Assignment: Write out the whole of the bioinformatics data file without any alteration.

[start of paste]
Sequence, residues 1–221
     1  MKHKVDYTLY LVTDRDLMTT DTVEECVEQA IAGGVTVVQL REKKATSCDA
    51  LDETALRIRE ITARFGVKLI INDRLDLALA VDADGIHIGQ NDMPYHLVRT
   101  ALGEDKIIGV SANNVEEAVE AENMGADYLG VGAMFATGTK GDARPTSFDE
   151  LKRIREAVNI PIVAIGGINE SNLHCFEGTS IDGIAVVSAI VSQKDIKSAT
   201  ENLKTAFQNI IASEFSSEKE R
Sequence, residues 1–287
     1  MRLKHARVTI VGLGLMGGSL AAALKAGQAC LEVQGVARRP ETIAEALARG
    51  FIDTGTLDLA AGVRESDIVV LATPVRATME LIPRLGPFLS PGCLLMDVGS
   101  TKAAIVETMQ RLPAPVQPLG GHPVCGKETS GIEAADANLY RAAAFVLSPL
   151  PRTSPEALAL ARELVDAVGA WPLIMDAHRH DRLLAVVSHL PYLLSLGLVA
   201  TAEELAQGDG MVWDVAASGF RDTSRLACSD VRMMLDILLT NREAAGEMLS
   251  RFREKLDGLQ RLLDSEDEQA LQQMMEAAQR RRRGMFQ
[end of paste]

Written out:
Sequence, residues 1–221
     1  MKHKVDYTLY LVTDRDLMTT DTVEECVEQA IAGGVTVVQL REKKATSCDA
    51  LDETALRIRE ITARFGVKLI INDRLDLALA VDADGIHIGQ NDMPYHLVRT
   101  ALGEDKIIGV SANNVEEAVE AENMGADYLG VGAMFATGTK GDARPTSFDE
   151  LKRIREAVNI PIVAIGGINE SNLHCFEGTS IDGIAVVSAI VSQKDIKSAT
   201  ENLKTAFQNI IASEFSSEKE R
Sequence, residues 1–287
     1  MRLKHARVTI VGLGLMGGSL AAALKAGQAC LEVQGVARRP ETIAEALARG
    51  FIDTGTLDLA AGVRESDIVV LATPVRATME LIPRLGPFLS PGCLLMDVGS
   101  TKAAIVETMQ RLPAPVQPLG GHPVCGKETS GIEAADANLY RAAAFVLSPL
   151  PRTSPEALAL ARELVDAVGA WPLIMDAHRH DRLLAVVSHL PYLLSLGLVA
   201  TAEELAQGDG MVWDVAASGF RDTSRLACSD VRMMLDILLT NREAAGEMLS
   251  RFREKLDGLQ RLLDSEDEQA LQQMMEAAQR RRRGMFQ